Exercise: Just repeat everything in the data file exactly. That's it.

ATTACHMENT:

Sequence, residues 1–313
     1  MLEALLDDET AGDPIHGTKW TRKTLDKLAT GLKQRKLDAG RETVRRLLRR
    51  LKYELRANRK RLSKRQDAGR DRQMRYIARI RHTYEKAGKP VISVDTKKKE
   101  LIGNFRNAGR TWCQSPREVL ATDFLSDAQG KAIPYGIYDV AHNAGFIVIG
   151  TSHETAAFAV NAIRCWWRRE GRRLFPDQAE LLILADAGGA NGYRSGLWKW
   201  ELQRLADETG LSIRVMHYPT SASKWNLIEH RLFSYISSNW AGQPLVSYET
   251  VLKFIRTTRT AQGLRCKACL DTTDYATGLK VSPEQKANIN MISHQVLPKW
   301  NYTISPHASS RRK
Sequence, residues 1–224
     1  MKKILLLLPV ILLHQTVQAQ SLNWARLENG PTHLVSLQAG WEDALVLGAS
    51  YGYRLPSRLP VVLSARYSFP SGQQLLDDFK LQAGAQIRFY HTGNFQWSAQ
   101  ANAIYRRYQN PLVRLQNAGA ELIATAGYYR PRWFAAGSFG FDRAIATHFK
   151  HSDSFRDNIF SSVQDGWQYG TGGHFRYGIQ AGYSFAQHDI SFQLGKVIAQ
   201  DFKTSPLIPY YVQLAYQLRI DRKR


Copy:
Sequence, residues 1–313
     1  MLEALLDDET AGDPIHGTKW TRKTLDKLAT GLKQRKLDAG RETVRRLLRR
    51  LKYELRANRK RLSKRQDAGR DRQMRYIARI RHTYEKAGKP VISVDTKKKE
   101  LIGNFRNAGR TWCQSPREVL ATDFLSDAQG KAIPYGIYDV AHNAGFIVIG
   151  TSHETAAFAV NAIRCWWRRE GRRLFPDQAE LLILADAGGA NGYRSGLWKW
   201  ELQRLADETG LSIRVMHYPT SASKWNLIEH RLFSYISSNW AGQPLVSYET
   251  VLKFIRTTRT AQGLRCKACL DTTDYATGLK VSPEQKANIN MISHQVLPKW
   301  NYTISPHASS RRK
Sequence, residues 1–224
     1  MKKILLLLPV ILLHQTVQAQ SLNWARLENG PTHLVSLQAG WEDALVLGAS
    51  YGYRLPSRLP VVLSARYSFP SGQQLLDDFK LQAGAQIRFY HTGNFQWSAQ
   101  ANAIYRRYQN PLVRLQNAGA ELIATAGYYR PRWFAAGSFG FDRAIATHFK
   151  HSDSFRDNIF SSVQDGWQYG TGGHFRYGIQ AGYSFAQHDI SFQLGKVIAQ
   201  DFKTSPLIPY YVQLAYQLRI DRKR